Sindarin Phonetic Development (Part 34)

Sindarin Phonetic Development (Part 34)

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OS. final [e] became [a] after single [s] and [st]; [-se|-ste|-sse] > [-sa|-sta|-sse]

In the Old Noldorin of the 1930s, it seems a final [e] following an [s] or [st] shifted to [a], unless it followed a double [ss], in which case the [e] was preserved. The clearest examples of this rule are ᴹ✶khyelesē > khelesa > ON. kheleha (Ety/KHYEL(ES)) and ᴹ✶peltakse > ON. pelthaksa (Ety/PEL). In the case of [st], note that ON. phasta has the cognate ᴹQ. fasse (Ety/PHAS), which implies a primitive form ending in [e] and thus a similar change of [e] to [a] in Old Noldorin after [st].

For counter-examples involving [ss], consider ON. (s)pharasse in which the final [e] is preserved, and similarly for its (rejected) precursor pharasse (Ety/SPAR, EtyAC/PHAR²).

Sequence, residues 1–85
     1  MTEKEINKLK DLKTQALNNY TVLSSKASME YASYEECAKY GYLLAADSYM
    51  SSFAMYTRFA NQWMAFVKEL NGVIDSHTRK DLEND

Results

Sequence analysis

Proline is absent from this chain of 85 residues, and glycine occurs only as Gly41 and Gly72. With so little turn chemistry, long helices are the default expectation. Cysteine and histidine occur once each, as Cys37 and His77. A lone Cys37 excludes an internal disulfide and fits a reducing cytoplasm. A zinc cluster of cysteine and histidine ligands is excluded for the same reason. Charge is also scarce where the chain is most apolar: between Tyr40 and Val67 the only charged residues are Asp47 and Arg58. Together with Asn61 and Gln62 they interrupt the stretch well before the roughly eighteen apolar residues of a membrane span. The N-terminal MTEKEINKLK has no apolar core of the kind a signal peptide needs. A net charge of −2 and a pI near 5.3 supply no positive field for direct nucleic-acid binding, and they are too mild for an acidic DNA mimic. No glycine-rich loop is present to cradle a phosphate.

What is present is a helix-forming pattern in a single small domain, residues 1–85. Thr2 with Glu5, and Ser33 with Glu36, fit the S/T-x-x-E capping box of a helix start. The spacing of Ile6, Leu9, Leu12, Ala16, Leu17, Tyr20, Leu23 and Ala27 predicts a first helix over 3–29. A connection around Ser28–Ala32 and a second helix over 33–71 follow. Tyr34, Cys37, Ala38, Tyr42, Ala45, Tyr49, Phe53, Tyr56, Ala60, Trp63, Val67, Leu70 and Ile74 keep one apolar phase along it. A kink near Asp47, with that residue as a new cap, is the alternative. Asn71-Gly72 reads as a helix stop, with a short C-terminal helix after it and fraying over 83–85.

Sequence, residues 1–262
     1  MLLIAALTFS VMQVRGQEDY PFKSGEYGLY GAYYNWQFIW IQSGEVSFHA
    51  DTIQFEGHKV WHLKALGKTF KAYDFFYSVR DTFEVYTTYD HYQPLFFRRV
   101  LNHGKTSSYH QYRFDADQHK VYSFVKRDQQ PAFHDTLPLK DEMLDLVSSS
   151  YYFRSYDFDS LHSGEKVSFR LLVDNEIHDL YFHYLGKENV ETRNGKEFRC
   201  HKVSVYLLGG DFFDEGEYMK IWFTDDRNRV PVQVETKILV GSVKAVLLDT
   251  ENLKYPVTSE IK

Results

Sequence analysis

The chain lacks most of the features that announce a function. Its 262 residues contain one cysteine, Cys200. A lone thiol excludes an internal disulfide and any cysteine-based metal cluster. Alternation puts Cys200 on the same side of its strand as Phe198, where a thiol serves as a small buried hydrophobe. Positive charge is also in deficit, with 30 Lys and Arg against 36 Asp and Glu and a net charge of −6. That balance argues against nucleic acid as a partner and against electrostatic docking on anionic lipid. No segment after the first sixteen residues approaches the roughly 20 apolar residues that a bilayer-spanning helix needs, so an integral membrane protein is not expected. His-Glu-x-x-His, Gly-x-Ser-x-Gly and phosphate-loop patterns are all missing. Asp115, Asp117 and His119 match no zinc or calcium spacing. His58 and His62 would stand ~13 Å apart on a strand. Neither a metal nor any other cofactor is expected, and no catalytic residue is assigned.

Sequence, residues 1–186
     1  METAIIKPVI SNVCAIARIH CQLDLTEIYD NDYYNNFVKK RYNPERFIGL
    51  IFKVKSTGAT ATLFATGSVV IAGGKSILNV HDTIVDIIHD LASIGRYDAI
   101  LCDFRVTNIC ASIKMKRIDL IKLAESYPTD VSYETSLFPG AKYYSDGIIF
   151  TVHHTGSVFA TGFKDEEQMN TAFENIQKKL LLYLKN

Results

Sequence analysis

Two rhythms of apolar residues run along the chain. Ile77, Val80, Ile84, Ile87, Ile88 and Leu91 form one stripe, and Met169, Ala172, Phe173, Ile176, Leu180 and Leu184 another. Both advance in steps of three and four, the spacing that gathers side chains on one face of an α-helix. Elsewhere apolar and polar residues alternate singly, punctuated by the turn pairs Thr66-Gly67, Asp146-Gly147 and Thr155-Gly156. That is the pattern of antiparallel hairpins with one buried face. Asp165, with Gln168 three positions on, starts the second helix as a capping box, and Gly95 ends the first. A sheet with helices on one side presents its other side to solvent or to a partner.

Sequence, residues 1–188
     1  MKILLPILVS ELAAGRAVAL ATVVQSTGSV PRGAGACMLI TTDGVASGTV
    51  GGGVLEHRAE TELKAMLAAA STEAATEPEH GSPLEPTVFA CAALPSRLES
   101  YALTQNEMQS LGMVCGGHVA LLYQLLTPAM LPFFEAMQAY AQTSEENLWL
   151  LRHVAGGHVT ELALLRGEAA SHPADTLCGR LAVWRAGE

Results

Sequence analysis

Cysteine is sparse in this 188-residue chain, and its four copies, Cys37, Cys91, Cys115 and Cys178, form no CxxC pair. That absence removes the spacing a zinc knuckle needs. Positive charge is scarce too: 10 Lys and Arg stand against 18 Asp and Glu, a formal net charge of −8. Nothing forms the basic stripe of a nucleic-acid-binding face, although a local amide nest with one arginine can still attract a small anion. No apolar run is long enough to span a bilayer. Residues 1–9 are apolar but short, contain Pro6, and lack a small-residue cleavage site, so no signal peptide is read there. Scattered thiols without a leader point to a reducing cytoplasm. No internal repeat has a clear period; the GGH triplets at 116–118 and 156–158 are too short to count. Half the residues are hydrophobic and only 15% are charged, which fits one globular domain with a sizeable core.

Since later in Noldorin, short final vowels vanished, in many cases this phonetic change in Old Noldorin is not noticeable; whether the final vowel was -e or -a before it vanished has little effect. In a few cases, though, this change to -a in Old Noldorin can have further ramifications, in particular via a-affection, whereby short [i], [u] became [e], [o] preceding final [a].

There are only two attested examples of primitive forms ending in -se where the a-affection may also apply. The first example is ᴹ✶tupsē > N. taus (Ety/TUP). Here, the ON. shift to final -a means that the medial vowel [u] became [o], which means that after the voiceless stop was spirantalized and then vocalized before the [s], it produces the same final result as [o] in this position: the diphthong [au]. Compare this example to ᴹ✶oktā > N. auth (Ety/KOT).

Conversely, consider ᴹ✶tyulussē > N. tulus (Ety/TYUL). In this case, since the [u] remains, it implies that a-affection did not occur, indicating that the final -e was preserved after the double [ss], as noted above.

Conceptual Development: It’s not clear whether this sound change still applied to Sindarin, but there is nothing to contradict it. There are no evidence (for or against) for this change in Tolkien’s early versions of the language either.